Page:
of the public sector and the UK cannot return to using this

convention. We have also set out the shortcomings in current input

measures and recommended improvements. We want senior officials to

understand the importance for the National Accounts of accurate

measures of public spending.

'Direct measures of output should be used. There is an intrinsic case

based on public accountability for seeking to measure what is

achieved by spending on public services. We cannot simply assume that

outputs equal inputs in such a major part of the economy. To fail to

measure the output would be to miss the essential complementarity

between public services and private economic growth.

'There is a need for major improvements in indicators used to measure

public service outputs. Current indicators have been too limited in

their coverage of activities, have been aggregated at too high a

level and have often used data from England, not the whole United

Kingdom. In some cases they have been misclassified or affected by

changes in the machinery of government. They often use information

with a substantial time lag.

'Measurement of government output, should, as far as is possible,

follow methodology parallel to that appropriate for the private

sector. In essence, what we are trying to measure is the same for

both sectors.

'The measurement of quality is central to our concerns. We are firmly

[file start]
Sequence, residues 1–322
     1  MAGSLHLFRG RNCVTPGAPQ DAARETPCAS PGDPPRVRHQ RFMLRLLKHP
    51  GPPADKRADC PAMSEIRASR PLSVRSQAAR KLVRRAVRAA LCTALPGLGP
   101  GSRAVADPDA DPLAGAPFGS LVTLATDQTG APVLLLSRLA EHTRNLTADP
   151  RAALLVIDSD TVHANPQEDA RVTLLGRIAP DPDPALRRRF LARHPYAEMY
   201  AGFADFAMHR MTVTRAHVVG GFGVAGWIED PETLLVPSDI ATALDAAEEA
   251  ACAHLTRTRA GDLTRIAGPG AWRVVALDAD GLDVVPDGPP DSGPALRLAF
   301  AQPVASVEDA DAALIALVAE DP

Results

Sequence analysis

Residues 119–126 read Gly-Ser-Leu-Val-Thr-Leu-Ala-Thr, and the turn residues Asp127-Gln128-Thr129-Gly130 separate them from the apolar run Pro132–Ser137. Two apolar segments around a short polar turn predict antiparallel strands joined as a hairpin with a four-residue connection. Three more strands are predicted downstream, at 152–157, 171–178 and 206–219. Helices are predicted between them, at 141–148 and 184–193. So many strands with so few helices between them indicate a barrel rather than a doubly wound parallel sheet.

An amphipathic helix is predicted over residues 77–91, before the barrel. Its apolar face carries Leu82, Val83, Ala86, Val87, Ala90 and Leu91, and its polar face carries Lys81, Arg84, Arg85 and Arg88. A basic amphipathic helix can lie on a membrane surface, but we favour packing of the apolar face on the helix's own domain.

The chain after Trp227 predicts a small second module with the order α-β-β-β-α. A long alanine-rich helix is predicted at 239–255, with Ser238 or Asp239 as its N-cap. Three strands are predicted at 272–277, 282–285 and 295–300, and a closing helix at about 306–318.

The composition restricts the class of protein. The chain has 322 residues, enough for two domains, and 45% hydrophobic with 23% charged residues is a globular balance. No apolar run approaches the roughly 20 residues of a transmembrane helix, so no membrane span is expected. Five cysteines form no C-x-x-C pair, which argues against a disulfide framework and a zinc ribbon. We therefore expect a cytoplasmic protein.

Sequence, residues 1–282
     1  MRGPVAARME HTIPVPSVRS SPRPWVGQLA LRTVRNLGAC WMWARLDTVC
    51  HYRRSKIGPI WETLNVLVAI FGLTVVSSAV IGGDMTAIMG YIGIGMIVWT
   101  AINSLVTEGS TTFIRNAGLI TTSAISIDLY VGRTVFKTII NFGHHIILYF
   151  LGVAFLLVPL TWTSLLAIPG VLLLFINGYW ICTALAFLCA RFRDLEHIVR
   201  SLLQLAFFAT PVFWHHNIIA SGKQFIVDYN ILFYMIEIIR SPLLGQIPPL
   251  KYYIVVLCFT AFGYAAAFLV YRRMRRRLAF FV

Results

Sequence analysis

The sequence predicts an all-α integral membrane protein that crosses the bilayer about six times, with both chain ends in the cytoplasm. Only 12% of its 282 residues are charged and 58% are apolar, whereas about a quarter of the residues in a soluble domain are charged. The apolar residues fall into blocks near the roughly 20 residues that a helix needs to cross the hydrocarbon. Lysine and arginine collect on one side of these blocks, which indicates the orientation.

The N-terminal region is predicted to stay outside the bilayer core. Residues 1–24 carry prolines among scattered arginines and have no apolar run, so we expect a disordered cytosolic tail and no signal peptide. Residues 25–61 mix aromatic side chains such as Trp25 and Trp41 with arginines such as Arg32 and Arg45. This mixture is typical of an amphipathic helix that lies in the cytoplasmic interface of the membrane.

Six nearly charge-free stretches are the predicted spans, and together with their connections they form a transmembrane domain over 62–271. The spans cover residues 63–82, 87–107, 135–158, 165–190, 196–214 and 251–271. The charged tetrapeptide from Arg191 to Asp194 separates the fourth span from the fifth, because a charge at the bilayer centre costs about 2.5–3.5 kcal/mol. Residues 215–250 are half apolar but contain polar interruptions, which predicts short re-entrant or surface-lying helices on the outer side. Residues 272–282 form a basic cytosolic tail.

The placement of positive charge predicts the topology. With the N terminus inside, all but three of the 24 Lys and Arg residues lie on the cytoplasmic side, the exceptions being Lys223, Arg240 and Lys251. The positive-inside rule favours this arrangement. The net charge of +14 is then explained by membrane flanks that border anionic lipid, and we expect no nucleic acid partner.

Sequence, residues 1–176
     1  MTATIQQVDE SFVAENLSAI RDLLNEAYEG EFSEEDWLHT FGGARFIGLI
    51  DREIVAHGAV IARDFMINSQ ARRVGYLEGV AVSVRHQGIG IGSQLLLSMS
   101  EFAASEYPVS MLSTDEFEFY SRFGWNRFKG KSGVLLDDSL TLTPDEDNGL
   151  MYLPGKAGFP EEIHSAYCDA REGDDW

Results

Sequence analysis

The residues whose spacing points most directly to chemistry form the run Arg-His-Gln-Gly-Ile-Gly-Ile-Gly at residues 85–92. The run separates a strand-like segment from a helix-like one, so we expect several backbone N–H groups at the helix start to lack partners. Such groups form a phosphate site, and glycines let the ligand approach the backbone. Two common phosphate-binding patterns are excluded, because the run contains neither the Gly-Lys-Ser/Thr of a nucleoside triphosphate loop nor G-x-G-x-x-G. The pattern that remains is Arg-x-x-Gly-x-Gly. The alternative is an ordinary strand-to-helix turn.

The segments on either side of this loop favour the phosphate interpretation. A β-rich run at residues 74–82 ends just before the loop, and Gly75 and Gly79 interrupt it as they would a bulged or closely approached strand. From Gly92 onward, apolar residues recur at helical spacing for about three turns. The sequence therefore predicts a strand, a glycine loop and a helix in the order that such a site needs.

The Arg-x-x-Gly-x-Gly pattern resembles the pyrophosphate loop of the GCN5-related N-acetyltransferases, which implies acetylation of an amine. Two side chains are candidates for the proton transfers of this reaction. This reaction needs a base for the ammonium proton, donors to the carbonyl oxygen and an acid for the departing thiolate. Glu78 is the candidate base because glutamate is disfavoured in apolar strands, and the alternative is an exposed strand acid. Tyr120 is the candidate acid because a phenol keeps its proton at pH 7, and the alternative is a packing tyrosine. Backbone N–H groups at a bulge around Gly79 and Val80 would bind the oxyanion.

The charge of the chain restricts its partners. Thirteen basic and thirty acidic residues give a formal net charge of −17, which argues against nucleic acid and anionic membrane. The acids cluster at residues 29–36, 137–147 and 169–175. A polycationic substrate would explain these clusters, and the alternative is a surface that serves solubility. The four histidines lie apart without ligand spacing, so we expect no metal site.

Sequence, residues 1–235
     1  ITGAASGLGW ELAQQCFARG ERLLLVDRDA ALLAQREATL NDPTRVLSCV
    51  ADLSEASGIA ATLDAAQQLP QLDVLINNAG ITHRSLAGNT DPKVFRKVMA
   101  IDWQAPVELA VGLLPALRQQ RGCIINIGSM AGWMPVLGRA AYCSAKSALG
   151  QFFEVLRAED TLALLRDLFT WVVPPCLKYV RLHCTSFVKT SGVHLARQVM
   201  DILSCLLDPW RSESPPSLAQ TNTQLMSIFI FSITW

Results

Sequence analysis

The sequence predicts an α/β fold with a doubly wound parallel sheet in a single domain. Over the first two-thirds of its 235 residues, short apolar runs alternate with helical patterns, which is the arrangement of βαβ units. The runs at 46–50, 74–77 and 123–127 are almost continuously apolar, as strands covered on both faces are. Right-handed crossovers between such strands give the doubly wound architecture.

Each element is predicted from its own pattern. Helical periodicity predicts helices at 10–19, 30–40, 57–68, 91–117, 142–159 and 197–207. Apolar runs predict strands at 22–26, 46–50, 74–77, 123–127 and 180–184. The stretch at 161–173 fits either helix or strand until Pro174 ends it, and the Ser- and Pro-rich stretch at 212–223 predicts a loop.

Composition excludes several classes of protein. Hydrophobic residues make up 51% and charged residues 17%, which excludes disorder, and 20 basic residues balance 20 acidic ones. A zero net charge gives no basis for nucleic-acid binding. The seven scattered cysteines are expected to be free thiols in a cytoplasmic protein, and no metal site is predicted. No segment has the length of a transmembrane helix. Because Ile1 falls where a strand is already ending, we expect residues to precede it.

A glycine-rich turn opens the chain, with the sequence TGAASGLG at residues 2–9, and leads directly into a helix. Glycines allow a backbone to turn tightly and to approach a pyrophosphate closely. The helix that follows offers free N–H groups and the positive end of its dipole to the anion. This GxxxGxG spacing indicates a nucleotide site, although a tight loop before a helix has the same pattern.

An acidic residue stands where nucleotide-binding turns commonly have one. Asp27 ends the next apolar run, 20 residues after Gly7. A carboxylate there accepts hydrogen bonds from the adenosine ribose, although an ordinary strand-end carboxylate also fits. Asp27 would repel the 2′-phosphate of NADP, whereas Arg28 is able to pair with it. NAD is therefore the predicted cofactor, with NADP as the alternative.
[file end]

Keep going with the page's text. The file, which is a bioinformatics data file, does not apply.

of the view that measures of output growth should take account of

quality change. Quality has many dimensions, and some will prove

elusive, but there are several possible ways forward. If quality

adjustments cannot be comprehensive, they should be representative of

the range of dimensions. This will not always be straightforward and

may take some time.

'Productivity change is extremely complicated to measure. No single

number, however carefully constructed, can fully capture the

performance of complex public services with multiple objectives.

Productivity change should be interpreted in the light of a range of

other information - the triangulation principle.

'This review is part of a dynamic process. We fully support the

significant revisions to the health indicators carried out by ONS in

June 2004, and work is well under way in other fields. While our

remit was for the UK, we strongly urge joint learning and development

with other countries, to underpin international comparability of

economic statistics.

'We urge ONS and departments to be transparent, engaging the

substantial expertise of academic and regulatory bodies, and others

with a legitimate interest. It would be highly regrettable if

objective study of a matter of public importance were to be inhibited

by misunderstanding and public criticism of figures that are clearly


Sir Tony's report also includes specific recommendations for the way

forward in the key areas of health, education, social protection, and

public order & safety. In each case, these build on work currently in

progress and on what has been achieved so far. Main proposals are:


* Better measures for primary care

* Movement towards measuring whole courses of treatment

* Ideas for measuring quality change in health care


* Measure pupil attendance not pupil numbers

* Update the quality measure for schools as an interim measure